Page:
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Successful learning inquiries depend in part on choosing questions and problems that are both the right size and at the right level for the inquirers.


Inquiry takes an approach to learning that is very different from standard educational practices. One of the most basic differences is that the focus of each learning project has not been predetermined by the instructor or the curriculum. Tailoring the inquiry to the needs and interests of the learner makes the learning process much more understandable, interesting, and memorable for the learner, but one thing that is lost is a ready-made plan designed by education experts to guide the learner in useful directions at reasonable speeds.

This makes the first step of an inquiry - asking a question - very important, because it is the question that determines the "speed and direction" of the inquiry. In formal teacher-guided inquiries, one of the most crucial roles of the instructor/facilitator is to ensure that the question is well-connected to curriculum goals as well as to the learner's present understandings and interests. In self-directed inquiries, the learner can become permanently discouraged if the questions asked don't seem to be leading in useful directions.

    A good inquiry question:

  • Is challenging - If the learner can simply look up and understand the answer, there is no need for a structured inquiry.
  • Is within reach of the learner - If the learner cannot be expected to make significant progress in answering the question after several weeks of reasonable effort, a more manageable question should be adopted.
  • Will lead the learner to new understanding, skills, and/or ways of thinking - A superficial inquiry that concentrates on learning new "facts" is not the best goal.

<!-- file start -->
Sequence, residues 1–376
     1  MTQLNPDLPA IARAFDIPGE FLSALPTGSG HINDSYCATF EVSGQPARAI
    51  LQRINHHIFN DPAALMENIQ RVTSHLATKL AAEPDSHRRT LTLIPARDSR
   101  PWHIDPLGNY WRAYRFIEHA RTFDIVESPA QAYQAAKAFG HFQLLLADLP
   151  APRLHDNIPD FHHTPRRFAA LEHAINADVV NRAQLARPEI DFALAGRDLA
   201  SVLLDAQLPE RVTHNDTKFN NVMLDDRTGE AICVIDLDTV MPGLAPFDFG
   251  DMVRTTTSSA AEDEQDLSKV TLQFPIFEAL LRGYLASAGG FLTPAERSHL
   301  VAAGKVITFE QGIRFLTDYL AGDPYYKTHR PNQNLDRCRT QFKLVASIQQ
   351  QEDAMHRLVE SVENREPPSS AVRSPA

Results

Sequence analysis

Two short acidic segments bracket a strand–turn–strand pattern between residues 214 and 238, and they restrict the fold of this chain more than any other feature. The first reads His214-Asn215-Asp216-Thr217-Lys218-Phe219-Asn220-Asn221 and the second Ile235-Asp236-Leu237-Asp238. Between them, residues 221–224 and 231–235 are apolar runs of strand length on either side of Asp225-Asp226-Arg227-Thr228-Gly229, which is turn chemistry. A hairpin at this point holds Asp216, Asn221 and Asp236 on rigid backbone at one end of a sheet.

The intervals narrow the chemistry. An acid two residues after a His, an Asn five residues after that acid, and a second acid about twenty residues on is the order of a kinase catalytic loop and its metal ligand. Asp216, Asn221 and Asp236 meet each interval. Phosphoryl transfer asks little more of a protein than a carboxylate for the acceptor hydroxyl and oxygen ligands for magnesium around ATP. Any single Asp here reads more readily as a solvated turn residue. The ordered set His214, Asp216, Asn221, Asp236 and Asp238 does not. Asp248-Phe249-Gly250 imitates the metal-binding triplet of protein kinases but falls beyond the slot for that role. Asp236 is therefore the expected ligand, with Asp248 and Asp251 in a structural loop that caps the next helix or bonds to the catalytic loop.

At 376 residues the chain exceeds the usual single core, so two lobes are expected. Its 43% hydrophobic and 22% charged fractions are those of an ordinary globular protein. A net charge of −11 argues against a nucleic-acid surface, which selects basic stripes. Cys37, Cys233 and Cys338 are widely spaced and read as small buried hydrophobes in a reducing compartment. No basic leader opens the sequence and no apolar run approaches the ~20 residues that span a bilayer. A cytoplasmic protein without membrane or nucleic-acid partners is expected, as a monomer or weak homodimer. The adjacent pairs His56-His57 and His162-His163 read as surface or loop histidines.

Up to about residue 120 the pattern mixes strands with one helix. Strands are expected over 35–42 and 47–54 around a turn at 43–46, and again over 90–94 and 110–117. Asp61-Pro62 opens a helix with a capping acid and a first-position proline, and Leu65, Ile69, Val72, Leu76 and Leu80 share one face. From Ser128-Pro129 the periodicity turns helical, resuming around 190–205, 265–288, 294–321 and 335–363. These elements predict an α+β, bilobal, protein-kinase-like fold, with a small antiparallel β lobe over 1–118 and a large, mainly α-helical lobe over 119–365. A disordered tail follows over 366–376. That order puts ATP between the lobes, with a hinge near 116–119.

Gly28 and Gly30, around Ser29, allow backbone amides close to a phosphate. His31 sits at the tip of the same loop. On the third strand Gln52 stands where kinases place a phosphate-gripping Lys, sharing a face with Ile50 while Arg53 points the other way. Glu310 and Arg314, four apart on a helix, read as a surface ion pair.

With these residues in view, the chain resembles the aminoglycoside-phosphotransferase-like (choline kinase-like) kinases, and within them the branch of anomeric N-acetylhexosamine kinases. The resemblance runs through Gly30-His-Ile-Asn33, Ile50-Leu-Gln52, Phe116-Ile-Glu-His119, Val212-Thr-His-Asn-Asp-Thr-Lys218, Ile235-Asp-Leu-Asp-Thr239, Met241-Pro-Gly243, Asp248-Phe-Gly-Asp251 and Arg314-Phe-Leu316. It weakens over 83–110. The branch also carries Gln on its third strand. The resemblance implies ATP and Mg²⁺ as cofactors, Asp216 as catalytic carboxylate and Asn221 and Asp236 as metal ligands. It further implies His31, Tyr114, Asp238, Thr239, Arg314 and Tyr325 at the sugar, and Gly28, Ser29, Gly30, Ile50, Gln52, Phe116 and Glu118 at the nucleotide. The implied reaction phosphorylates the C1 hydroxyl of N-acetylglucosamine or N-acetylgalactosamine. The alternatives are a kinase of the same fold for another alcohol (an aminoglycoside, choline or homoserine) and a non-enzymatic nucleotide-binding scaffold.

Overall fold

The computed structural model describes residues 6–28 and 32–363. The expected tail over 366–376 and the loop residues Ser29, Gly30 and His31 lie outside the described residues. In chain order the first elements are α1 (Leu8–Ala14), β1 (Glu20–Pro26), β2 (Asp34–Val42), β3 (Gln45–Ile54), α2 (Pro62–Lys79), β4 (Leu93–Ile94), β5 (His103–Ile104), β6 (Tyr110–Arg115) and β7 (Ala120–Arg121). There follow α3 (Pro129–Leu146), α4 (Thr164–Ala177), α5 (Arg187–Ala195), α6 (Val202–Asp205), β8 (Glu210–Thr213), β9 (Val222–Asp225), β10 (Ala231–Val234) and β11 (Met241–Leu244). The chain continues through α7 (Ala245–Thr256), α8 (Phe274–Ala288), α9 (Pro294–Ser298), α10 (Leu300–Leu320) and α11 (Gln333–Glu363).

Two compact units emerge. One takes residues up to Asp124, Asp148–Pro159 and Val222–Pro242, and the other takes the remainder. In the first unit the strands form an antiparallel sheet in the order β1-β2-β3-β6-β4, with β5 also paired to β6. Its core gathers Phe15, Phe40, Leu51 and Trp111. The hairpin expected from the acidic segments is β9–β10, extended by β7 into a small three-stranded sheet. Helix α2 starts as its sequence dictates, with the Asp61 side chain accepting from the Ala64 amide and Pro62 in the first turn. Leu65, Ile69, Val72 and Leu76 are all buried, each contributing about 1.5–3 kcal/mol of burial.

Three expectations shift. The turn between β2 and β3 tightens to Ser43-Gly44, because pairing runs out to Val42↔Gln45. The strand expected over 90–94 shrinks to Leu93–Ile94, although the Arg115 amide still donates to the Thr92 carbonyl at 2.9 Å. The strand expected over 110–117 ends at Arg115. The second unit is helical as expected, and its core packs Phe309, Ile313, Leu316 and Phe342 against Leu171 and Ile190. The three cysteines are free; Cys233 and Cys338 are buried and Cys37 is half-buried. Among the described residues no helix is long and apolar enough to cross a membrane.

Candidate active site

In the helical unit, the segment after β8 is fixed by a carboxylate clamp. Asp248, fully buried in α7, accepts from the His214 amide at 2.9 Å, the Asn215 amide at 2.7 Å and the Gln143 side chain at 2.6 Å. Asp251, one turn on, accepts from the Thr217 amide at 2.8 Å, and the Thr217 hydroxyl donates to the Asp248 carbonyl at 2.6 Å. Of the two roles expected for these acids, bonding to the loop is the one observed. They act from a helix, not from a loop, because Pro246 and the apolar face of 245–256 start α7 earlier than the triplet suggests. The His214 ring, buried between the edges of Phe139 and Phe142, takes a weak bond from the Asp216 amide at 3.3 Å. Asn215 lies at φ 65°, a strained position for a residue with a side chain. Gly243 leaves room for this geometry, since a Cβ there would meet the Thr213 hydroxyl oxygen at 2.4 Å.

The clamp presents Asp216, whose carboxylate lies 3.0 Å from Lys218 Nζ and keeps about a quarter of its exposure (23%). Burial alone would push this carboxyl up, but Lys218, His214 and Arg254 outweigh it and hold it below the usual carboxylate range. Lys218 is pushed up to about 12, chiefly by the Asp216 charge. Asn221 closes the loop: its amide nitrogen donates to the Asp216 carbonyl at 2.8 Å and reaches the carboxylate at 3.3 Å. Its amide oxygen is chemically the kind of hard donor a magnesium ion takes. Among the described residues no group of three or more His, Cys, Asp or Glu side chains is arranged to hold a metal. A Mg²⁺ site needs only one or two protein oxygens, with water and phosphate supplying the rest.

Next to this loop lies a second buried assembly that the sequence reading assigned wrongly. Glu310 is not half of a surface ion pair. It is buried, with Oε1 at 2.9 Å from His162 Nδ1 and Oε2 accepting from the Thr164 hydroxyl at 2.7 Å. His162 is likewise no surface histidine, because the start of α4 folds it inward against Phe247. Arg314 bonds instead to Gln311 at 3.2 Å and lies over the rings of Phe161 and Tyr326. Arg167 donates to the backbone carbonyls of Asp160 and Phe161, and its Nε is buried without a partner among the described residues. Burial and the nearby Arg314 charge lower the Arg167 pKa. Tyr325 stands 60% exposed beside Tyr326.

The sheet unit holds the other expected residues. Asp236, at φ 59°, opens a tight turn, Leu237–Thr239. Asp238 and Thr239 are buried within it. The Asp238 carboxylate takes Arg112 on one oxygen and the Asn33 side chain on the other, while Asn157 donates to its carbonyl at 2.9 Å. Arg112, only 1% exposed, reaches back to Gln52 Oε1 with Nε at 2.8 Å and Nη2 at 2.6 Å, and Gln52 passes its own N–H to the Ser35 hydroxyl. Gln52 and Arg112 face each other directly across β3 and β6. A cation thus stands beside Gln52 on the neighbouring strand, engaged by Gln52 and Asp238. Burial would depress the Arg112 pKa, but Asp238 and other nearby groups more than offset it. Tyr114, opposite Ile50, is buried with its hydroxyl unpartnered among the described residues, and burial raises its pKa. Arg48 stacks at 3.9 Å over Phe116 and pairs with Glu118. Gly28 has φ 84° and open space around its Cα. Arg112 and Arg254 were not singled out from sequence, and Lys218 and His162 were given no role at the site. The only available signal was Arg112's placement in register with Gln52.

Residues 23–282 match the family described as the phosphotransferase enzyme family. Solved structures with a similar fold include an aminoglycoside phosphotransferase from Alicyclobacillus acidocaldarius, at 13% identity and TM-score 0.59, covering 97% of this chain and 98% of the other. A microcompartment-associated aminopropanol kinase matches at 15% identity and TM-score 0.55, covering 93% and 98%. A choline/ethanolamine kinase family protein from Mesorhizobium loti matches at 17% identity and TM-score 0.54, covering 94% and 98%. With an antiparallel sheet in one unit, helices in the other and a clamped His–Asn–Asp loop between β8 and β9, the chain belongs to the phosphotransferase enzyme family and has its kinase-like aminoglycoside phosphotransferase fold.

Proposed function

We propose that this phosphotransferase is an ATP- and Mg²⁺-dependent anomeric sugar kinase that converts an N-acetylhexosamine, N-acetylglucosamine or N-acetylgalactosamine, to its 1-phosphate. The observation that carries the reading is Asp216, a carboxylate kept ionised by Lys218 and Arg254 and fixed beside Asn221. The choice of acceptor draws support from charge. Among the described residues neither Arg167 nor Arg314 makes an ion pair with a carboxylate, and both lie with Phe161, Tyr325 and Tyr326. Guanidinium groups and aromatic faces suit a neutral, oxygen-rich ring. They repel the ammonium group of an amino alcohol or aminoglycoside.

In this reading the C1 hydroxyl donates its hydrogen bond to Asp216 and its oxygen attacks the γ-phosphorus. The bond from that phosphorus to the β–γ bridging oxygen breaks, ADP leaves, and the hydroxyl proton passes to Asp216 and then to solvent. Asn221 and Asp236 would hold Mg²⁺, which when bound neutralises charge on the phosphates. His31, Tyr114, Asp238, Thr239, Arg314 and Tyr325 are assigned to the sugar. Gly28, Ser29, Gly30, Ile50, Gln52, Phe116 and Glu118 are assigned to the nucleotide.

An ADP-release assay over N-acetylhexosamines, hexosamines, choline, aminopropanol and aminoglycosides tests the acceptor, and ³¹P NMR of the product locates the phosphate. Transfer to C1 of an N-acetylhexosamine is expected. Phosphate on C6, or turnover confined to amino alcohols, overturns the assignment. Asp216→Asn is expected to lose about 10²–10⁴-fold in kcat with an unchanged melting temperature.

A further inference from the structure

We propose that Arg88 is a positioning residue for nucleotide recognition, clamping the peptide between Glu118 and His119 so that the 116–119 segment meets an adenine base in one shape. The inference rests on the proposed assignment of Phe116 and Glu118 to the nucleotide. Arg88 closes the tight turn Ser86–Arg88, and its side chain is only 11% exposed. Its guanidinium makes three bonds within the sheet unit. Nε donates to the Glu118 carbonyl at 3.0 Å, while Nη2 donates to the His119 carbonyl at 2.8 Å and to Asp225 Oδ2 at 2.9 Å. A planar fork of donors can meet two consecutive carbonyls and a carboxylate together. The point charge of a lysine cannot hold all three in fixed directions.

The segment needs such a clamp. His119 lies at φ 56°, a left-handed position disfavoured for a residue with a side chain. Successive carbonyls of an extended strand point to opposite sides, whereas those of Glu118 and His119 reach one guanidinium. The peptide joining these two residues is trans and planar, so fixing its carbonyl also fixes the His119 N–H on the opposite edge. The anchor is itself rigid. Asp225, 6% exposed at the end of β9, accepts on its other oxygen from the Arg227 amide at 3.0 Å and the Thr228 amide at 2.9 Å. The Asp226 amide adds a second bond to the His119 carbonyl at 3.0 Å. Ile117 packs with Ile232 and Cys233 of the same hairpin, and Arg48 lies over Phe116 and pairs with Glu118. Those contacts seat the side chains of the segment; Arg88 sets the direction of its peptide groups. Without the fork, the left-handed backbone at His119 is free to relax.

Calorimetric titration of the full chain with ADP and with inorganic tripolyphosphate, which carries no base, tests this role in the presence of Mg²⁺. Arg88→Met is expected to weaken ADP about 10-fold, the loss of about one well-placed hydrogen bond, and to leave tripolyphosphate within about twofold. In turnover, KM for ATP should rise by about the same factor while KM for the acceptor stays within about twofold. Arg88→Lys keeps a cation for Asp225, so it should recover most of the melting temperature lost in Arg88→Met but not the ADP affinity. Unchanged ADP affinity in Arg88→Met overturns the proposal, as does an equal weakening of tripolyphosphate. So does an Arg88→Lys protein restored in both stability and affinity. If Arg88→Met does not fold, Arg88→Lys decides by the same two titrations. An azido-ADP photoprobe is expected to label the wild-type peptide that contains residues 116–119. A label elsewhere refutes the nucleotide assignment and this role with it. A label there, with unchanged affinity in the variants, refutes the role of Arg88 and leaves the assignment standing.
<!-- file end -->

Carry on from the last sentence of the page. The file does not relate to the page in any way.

• Is of intrinsic interest to the learner - A teacher may provide suggestions and guidance and even insist that the inquiry take a certain form or lead towards a particular skill or type of understanding, but the actual question should be one that the learner would like answered.

The music-learning inquiry below is intended both to provide practice in conducting an inquiry and also to help the inquirer learn how to recognize and create the types of questions that will be most useful in future inquiries about music.


This inquiry will be the "guided" type, for two reasons. One is to provide a focus so that the instructions and examples below don't get too unwieldy. The other is to give you an example of what guided inquiry might look like. If an instructor has a particular curriculum goal, substantial progress can be made towards that goal by asking the student to ask a certain type of question. In this case, you will start your inquiry by choosing a composer whose work interests you. (You can choose a song writer, or a performer of largely-improvised works, but not a musician who primarily performs works composed by someone else.) One of the main ideas in music history/appreciation/theory curricula is that musicians influence and are influenced by the music of others. You will be asking about the influences on this composer's work or on the influence this composer had on the work of others. Although the specifics of what you learn will depend on your interests and prior knowledge, this is a "big picture" concept that you can learn more about whether you are a novice or a knowledgeable musician.

Questions & Answers

how do they get the third part x = (32)5/4
kinnecy Reply
can someone help me with some logarithmic and exponential equations.
Jeffrey Reply
sure. what is your question?
okay, so you have 6 raised to the power of 2. what is that part of your answer
I don't understand what the A with approx sign and the boxed x mean
it think it's written 20/(X-6)^2 so it's 20 divided by X-6 squared
I'm not sure why it wrote it the other way